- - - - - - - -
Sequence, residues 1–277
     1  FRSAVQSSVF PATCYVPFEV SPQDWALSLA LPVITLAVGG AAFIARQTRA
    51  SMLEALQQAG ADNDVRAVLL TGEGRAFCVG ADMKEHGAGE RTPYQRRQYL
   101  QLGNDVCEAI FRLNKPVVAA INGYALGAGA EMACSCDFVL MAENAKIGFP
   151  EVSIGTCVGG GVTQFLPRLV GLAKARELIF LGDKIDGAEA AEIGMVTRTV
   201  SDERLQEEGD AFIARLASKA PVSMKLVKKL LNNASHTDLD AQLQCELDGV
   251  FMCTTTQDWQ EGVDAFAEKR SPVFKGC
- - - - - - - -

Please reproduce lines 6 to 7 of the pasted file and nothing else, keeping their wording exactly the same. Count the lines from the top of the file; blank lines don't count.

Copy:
   201  SDERLQEEGD AFIARLASKA PVSMKLVKKL LNNASHTDLD AQLQCELDGV
   251  FMCTTTQDWQ EGVDAFAEKR SPVFKGC